Pubmed du 10/06/20

mercredi 10 juin 2020

1. Abdellatif B, McVeigh C, Bendriss G, Chaari A. The Promising Role of Probiotics in Managing the Altered Gut in Autism Spectrum Disorders. Int J Mol Sci ;2020 (Jun 10) ;21(11)

Gastrointestinal symptoms (GIS) have been reported repeatedly in people with autism spectrum disorder (ASD) and studies have reported interesting correlations between severity of behavioral and gastrointestinal symptoms. Growing evidence indicates that the gut microbiota in ASD is altered with various shifts described at different taxonomic levels, pointing to the importance of considering the gut-brain axis in treatment of these disorders. Probiotics are live beneficial bacteria that are ingested as food or customized pills. These beneficial bacteria, when added in sufficient amounts, can correct the dysbiosis. Because probiotics have shown success in treating irritable bowel syndrome (IBS), it is plausible to investigate whether they can induce alleviation of behavioral symptoms as well. Probiotics show, in some clinical studies, their potential benefits (1) in improving gastrointestinal dysfunction, (2) in correcting dysbiosis, (3) in consequently reducing the severity of ASD symptoms. This review compiles data from selected studies that investigate these benefits and the mechanisms that mediate these effects, which include the production of metabolites, hormones, and neurotransmitters and the regulation of pro-inflammatory and regulatory cytokines. Future research based on more randomized, controlled studies with a larger population size and standardized use of strains, concentration of probiotics, duration of treatments, and methods of DNA extraction is still needed in this area, which may lead to more robust results.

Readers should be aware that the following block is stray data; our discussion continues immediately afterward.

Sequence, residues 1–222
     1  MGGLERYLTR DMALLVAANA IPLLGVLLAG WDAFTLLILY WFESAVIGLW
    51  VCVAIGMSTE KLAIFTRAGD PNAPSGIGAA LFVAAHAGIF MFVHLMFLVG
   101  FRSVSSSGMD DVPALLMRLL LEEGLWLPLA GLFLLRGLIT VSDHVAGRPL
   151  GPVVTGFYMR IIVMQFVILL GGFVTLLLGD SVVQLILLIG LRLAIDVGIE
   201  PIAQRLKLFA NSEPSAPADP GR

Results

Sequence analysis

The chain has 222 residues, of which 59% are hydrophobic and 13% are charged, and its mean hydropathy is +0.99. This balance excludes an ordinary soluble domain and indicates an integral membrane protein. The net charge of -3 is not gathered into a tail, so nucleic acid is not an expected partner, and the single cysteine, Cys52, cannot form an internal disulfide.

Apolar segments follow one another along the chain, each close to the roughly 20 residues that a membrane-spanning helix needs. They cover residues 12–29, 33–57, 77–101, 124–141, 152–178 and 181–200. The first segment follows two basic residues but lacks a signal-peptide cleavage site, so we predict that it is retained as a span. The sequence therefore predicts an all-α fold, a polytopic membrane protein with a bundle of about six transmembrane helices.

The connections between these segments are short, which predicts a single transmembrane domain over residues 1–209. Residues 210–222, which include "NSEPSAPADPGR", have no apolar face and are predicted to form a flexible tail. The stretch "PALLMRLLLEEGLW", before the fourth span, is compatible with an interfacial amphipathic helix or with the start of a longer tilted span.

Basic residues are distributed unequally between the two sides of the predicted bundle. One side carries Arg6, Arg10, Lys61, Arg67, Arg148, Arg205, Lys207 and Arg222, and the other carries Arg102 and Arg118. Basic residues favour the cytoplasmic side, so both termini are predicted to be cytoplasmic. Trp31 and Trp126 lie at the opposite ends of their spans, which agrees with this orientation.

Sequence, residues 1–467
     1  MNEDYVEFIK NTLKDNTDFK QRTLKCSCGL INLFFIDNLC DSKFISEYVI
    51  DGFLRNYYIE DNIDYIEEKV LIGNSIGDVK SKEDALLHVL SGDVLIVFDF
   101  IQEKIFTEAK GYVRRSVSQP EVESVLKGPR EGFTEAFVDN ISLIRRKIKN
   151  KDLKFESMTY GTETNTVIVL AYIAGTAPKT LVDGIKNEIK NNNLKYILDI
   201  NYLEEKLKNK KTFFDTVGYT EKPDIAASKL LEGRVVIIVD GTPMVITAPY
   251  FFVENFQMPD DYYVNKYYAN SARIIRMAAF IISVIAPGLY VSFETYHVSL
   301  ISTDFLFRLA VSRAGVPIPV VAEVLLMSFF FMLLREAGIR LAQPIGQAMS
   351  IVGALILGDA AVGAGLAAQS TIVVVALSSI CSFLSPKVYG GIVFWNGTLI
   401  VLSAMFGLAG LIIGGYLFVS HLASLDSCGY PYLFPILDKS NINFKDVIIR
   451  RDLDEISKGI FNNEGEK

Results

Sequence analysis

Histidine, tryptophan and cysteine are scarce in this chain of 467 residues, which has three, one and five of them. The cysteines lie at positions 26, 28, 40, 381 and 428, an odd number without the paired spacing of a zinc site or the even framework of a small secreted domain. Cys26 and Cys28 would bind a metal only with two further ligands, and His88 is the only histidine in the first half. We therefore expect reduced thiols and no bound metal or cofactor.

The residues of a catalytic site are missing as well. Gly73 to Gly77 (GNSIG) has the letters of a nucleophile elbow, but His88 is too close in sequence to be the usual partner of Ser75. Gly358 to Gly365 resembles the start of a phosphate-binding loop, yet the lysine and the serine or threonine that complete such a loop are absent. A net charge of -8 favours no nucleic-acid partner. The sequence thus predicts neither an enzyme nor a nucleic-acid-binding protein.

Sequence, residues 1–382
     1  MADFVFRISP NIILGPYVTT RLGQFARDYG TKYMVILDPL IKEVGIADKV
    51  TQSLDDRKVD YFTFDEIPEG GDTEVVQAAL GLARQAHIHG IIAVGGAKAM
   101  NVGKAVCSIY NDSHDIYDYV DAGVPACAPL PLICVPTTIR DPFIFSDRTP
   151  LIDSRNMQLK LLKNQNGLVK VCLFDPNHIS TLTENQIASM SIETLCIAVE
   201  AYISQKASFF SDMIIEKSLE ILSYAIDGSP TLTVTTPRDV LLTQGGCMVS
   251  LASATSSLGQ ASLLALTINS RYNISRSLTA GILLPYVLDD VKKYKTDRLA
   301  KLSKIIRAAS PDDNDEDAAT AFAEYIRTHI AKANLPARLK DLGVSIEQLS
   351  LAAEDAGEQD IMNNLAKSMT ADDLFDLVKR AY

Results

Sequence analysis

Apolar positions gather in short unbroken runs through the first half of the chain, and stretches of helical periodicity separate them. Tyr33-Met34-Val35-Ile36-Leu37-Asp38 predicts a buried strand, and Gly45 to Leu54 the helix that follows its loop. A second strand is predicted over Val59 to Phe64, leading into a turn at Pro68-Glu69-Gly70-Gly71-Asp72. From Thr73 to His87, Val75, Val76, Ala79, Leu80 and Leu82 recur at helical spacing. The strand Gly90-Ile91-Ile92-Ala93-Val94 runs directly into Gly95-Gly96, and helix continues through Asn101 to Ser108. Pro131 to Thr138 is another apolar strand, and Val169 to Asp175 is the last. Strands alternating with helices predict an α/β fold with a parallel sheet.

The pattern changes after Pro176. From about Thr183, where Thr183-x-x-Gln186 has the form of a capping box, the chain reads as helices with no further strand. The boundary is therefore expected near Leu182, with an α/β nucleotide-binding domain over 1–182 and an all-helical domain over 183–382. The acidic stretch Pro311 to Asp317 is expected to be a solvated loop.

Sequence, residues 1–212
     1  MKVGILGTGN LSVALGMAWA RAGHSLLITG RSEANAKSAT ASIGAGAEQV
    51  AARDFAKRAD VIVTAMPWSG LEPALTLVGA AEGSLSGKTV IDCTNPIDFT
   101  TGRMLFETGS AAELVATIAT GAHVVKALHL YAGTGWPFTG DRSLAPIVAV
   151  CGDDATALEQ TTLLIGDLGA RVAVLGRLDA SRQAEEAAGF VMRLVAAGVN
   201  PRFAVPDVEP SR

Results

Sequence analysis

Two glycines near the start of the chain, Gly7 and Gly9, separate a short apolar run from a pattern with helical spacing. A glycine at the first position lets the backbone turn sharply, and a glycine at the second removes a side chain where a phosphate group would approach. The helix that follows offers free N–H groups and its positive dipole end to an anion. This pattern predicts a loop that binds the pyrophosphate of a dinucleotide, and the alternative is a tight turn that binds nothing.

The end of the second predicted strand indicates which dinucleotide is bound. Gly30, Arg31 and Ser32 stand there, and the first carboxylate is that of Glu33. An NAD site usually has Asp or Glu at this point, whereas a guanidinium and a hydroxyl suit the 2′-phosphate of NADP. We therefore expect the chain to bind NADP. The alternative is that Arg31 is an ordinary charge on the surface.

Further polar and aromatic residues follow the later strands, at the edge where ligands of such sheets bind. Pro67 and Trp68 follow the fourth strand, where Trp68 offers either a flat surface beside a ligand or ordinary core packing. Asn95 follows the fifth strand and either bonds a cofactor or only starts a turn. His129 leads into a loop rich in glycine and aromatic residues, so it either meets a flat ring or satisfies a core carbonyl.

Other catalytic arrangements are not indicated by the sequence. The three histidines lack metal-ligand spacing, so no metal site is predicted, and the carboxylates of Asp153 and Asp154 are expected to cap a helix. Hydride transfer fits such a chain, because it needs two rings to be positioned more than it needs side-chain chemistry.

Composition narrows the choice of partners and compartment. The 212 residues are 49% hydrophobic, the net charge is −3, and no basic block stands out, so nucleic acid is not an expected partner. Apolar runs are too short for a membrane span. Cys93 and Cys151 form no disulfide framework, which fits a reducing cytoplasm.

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2. Arnold Anteraper S, Guell X, Hollinshead M, D’Mello A, Whitfield-Gabrieli S, Biederman J, Joshi G. Functional Alterations Associated with Structural Abnormalities in Adults with High-Functioning Autism Spectrum Disorder. Brain Connect ;2020 (Jun 10)

BACKGROUND : The combination of structural and functional analyses is a biologically valid approach that offers methodological advantages in ASD neuroimaging science. The paucity of studies combining these methods constitutes an important knowledge gap. In this study, we investigate structural abnormalities and their associated functional differences in a developmentally homogeneous ASD cohort.